The other side of thinking is that neanderthals kept the sick around to make themselves feel stronger through expressing simple emotions--meaning if the sick was around and they had a good hunting adventure the hunter would care for them since their reward was greater.

The same holds true for hunting in groups, to attain a greater reward and shows strategy more than emotions.
kevinrtrs
1.8 / 5 (10) Oct 05, 2010
Neanderthals are just another group of fully developed human beings.
It's just the search for evidence of molecules-to-man evolution that imposes the artificial classification on them. Clearly more and more evidence is coming to light that they had emotions, art, ingenious manufacturing capabilities etc. What on earth will it take for them to suddenly become homo-sapien? And when that line is drawn and exceeded, will the bar be raised again?

JRDarby
1.8 / 5 (4) Oct 05, 2010
Indeed, kevinrtrs. There is already much dispute within the academic/anthropological community whether Neanderthals are distinct from humans at all. In my personal experience, and so I speak for none but myself, I have found that those who want most to classify H. neanderthalsis as non-human do so for more religious reasons than scientific ones.
epsi00
5 / 5 (3) Oct 05, 2010
It's not so much the promotion of the Neanderthals to homo-sapien that bothers some, it's the implied demotion of us from the top of the pyramid where we never belonged anyway. I don't see myself ( just my opinion ) as any different from an elephant ( though in size we are ) or a gorilla. Tell them to explain why nature provided elephants with a big brain if there was no need for it and its complex functions.
Skeptic_Heretic
4.3 / 5 (7) Oct 05, 2010
What on earth will it take for them to suddenly become homo-sapien? And when that line is drawn and exceeded, will the bar be raised again?
We have full genome sequences for Neaderthals and for humans. The disparity is great enough to consider the two as seperate species.
http://www.promeg...dwin.pdf
Neanderthals vary from us as greatly as they vary from chimpanzees. http://www.jqjaco...hal.html
We're more closely related to Cro-magnon than neanderthal.
http://humanorigi...derthals

Sorry gents, the evidence is contrary to your hypotheses.
kevinrtrs
1 / 5 (7) Oct 06, 2010
Sorry gents, the evidence is contrary to your hypotheses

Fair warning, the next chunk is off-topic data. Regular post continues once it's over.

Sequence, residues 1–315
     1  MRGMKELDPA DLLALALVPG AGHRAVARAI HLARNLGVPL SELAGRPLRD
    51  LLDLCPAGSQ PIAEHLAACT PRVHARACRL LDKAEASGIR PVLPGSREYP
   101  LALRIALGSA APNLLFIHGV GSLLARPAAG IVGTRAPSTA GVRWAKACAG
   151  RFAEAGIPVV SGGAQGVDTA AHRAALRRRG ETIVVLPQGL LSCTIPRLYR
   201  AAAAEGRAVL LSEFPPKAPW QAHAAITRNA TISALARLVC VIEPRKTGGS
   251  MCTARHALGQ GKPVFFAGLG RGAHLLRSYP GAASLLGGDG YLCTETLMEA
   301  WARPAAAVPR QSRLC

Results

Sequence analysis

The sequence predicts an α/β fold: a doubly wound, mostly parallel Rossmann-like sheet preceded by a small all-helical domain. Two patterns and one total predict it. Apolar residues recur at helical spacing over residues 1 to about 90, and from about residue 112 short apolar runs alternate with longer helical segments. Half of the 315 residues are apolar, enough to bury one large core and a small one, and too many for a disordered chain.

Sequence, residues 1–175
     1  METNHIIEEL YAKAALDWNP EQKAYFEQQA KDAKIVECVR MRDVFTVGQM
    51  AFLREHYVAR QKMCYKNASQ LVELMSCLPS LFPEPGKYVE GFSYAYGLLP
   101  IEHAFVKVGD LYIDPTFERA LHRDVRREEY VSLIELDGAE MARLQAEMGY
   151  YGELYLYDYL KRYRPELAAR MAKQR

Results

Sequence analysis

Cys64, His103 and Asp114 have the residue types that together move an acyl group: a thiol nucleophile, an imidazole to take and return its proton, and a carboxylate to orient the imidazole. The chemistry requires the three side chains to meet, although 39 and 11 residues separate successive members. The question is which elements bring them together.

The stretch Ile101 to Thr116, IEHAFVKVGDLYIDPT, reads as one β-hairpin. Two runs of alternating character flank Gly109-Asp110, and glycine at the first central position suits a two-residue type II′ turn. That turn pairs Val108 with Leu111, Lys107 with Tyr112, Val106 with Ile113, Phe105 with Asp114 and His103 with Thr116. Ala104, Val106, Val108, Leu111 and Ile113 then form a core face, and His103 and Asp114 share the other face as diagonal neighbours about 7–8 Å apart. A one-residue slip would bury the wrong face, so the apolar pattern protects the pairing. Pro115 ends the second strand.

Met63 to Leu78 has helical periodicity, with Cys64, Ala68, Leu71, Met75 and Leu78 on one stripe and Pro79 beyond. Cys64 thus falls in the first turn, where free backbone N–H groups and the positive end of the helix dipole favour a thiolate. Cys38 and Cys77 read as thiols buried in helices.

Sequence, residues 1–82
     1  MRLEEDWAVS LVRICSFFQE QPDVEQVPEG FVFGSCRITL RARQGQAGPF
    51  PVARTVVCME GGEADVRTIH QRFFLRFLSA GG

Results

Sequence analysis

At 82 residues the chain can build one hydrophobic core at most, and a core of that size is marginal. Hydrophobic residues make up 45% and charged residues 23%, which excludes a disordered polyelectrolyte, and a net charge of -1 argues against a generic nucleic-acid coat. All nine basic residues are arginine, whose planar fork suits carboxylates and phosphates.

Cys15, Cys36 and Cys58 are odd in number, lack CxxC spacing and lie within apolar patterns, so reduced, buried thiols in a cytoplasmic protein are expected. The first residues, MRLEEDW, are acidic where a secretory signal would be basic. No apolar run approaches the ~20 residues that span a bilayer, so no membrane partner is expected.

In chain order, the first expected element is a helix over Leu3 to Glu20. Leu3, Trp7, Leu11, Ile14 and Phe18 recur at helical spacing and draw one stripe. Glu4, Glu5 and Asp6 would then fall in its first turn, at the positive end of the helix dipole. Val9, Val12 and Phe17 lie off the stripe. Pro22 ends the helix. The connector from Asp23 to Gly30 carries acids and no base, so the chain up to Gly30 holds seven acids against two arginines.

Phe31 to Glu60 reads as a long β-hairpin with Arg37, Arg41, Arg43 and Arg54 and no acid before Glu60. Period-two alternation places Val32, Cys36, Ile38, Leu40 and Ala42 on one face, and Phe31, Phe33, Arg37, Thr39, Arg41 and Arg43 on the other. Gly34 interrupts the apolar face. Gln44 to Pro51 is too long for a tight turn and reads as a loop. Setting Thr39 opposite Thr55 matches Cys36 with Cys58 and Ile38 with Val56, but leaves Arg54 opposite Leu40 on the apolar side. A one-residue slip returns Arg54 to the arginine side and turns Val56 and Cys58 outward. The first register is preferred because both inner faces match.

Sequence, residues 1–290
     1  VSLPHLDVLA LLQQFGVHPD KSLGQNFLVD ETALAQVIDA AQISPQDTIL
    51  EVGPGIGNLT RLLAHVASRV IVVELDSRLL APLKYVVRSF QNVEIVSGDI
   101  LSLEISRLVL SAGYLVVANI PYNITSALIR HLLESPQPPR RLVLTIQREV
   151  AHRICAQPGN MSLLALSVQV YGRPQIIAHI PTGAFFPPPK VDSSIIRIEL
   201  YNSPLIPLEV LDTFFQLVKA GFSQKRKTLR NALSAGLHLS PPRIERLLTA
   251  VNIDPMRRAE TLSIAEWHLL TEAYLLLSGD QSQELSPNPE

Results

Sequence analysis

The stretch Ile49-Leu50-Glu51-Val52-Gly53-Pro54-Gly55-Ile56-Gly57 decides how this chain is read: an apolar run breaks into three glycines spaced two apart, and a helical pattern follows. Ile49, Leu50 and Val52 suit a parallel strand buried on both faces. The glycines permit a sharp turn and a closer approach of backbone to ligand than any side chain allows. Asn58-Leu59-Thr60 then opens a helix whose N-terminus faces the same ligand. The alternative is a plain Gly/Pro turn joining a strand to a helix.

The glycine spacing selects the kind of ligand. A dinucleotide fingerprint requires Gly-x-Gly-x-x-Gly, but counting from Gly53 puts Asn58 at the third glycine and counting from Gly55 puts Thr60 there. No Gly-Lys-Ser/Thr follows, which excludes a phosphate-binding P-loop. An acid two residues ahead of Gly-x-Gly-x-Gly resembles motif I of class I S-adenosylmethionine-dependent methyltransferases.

Do you really consider it a valid approach to compare the genome sequences in that way? Consider just how "close" [ in evolutionary terms] we are are to the monkeys/apes etc, and yet the actual living differences between us and those organisms are vast. So where and how does the genome sequence determine that we are derived from them?
You are of course aware that the evidence you provide has an a-priori bias towards evolutionary thinking?
Skeptic_Heretic
4.2 / 5 (5) Oct 06, 2010
Do you really consider it a valid approach to compare the genome sequences in that way?
Yes.
Consider just how "close" [ in evolutionary terms] we are are to the monkeys/apes etc, and yet the actual living differences between us and those organisms are vast.
And? Minor changes in the building blocks of life have large implication within said life.
So where and how does the genome sequence determine that we are derived from them?
Well it doesn't determine that we're derived from neanderthals. It determines the exact opposite, as I told you. Think on it this way: human DNA has multiple ERVs attached to the genome in very particular spots. Chimpanzees have these exact same ERVs. We know that this can only happen if there is a common ancestor that had a viral infection of it's germ cells.
You are of course aware that the evidence you provide has an a-priori bias towards evolutionary thinking?
No, evidence doesn't have a bias, evidence simply exists.
croghan27
not rated yet Oct 06, 2010
certainly they had feelings - and expressed them too:

[IMG]http://i163.photobucket.com/albums/t304/croghan27/cro-bloggers-1.jpg[/IMG]
Loodt
2.2 / 5 (5) Oct 06, 2010
The Neanderthal story keeps swinging backwards and forwards. Did early humans have sex with Neanderthals or not? Sorry Skeptic Heretic, but the science is not settled. Your reference is way out of date, even though I couldn't find a date of publication, the most recent reference indicated the paper was written round the turn of the century. Well, the world has moved on, gotten hotter, and new science conducted.

http://news.bbc.c...0940.stm

Seeing that they've uncovered statues of humans having sex with LLama's in Peru, I am inclined to belief that homo sapiens tried it on with anything it could, including camels and Neanderthals.
Skeptic_Heretic
3.7 / 5 (3) Oct 06, 2010
That reference is working off of direct population samples of sites dated 250,000 years ago and doesn't speak to subsequent interbreeding after the ex-africanus migrations of modern humans. The date of publication is 9/12/2009.

As for whether the two populations interbred, I'm fairly sure they did, and I'm fairly sure we have dna evidence of hybridized "neadersapiens." in example, the FOXP gene responsible for speech found in modern humans and neanderthals.